Post written by Allison R. Schulman, MD, MPH, from the Division of Gastroenterology and Hepatology, Department of Internal Medicine, University of Michigan, Ann Arbor, Michigan, USA.
The case described here is a 71-year-old woman with a history of laparoscopic sleeve gastrectomy performed 1 year prior who presented with nausea, vomiting, reflux, and inability to tolerate oral intake. Index endoscopy demonstrated severe stenosis at the level of the incisura. Dilation with a hydrostatic balloon followed by a pneumatic balloon was performed. With the balloon inflated less than 1minute, the gastric mucosa was noted to have a severely discolored appearance, which rapidly extended proximally. The balloon was immediately deflated, and a large 5-cm x 3-cm perforation was visualized on the lesser curvature side of the gastric wall, opposite the suture line. Endoscopic suturing using a running stitch was performed distally to proximally with successful closure.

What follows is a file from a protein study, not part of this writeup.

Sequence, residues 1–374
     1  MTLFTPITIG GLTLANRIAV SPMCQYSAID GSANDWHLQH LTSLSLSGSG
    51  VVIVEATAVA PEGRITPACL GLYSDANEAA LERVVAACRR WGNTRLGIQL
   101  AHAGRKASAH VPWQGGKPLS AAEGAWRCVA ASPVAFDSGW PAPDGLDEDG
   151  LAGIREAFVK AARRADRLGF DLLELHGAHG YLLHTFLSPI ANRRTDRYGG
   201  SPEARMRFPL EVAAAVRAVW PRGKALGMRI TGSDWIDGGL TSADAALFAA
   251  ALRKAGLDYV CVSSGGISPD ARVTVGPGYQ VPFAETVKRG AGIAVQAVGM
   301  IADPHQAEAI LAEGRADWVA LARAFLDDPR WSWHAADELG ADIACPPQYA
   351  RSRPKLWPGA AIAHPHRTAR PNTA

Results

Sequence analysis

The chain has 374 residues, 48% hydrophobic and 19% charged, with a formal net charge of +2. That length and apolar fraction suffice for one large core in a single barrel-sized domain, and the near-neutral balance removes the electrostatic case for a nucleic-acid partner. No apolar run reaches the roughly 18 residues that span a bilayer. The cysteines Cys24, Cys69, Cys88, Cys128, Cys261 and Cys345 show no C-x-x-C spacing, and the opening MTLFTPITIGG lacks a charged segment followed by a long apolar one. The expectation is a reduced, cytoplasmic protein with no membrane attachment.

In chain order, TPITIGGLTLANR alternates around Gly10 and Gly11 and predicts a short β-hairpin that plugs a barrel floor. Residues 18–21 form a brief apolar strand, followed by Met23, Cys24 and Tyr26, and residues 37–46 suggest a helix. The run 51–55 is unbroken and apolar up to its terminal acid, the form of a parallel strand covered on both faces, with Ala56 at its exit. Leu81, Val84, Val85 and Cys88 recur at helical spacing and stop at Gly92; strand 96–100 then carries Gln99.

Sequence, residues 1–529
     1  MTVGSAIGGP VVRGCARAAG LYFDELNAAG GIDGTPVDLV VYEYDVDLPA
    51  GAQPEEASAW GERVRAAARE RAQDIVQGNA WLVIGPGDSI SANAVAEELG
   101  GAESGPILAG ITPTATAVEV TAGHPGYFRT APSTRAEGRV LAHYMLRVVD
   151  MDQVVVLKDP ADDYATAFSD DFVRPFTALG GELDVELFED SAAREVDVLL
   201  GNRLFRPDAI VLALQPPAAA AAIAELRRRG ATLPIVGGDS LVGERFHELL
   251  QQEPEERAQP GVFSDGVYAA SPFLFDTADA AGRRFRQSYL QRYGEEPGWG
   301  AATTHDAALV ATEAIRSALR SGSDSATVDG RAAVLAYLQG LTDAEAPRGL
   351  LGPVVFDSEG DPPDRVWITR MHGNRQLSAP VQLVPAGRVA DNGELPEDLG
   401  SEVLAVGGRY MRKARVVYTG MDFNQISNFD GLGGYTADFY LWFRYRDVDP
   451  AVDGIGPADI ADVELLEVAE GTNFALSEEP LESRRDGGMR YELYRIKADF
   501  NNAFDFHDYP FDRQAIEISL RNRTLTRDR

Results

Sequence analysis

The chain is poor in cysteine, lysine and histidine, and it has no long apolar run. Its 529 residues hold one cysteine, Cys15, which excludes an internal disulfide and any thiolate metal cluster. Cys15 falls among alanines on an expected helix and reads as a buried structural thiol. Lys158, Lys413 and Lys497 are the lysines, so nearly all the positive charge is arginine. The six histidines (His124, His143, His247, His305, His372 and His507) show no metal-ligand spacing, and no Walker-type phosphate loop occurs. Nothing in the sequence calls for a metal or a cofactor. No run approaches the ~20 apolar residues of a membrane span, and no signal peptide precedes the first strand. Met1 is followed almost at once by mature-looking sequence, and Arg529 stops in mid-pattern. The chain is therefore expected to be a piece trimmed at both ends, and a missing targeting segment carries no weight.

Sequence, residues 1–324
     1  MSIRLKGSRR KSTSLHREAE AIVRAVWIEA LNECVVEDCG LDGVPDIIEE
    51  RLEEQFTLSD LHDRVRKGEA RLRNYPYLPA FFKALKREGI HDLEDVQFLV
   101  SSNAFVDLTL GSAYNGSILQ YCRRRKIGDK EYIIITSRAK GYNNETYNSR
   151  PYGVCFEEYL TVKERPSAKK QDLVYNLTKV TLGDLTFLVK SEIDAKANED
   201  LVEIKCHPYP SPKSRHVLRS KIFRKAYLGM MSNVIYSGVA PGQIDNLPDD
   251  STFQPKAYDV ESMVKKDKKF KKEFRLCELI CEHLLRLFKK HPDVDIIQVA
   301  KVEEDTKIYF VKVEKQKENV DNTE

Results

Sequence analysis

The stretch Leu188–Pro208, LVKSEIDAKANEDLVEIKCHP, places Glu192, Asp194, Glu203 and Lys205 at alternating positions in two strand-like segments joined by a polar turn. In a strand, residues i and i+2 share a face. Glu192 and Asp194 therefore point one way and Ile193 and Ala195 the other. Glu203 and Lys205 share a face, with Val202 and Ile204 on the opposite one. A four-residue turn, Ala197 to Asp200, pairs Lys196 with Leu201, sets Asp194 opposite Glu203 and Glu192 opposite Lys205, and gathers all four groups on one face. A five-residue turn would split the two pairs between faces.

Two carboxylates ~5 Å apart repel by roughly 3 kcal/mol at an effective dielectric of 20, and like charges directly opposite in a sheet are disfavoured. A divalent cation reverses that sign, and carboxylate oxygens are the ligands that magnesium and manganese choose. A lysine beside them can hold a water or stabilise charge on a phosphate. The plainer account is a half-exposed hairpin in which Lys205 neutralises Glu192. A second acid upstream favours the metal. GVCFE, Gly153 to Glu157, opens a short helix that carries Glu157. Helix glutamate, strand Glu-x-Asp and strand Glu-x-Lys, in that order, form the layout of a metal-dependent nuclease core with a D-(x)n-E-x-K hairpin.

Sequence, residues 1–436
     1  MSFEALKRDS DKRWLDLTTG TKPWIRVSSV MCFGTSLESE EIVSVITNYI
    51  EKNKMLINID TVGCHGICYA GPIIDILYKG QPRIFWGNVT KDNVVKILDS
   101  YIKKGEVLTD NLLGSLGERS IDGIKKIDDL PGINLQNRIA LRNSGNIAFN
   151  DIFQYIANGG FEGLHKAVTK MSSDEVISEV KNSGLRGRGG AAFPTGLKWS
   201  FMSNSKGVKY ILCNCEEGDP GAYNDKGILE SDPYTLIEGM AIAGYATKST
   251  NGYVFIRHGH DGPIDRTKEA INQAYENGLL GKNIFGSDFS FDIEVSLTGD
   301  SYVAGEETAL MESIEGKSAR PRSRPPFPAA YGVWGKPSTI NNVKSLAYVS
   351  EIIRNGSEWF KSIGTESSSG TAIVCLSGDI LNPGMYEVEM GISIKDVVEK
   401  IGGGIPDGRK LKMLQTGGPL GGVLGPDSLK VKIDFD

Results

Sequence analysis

With the increasing popularity of sleeve gastrectomy, the prevalence of sleeve stenosis continues to rise. This diagnosis is typically made by endoscopy or upper gastrointestinal series, and endoscopic dilation with a pneumatic balloon is the primary mode of management. However, perforation rates are not insignificant. Here I demonstrate that endoscopic suturing for closure of a large perforation is a technically feasible and effective treatment negating the need for surgical revision.
The appearance of severely discolored gastric mucosa which rapidly extends proximally may signify impending perforation, and the pneumatic balloon should be deflated immediately. Endoscopic suturing may be an effective alternative to surgery if the patient is hemodynamically stable.
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